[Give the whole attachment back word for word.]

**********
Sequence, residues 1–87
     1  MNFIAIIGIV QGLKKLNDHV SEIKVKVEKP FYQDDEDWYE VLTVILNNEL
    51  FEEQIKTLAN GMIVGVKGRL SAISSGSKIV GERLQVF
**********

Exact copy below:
Sequence, residues 1–87
     1  MNFIAIIGIV QGLKKLNDHV SEIKVKVEKP FYQDDEDWYE VLTVILNNEL
    51  FEEQIKTLAN GMIVGVKGRL SAISSGSKIV GERLQVF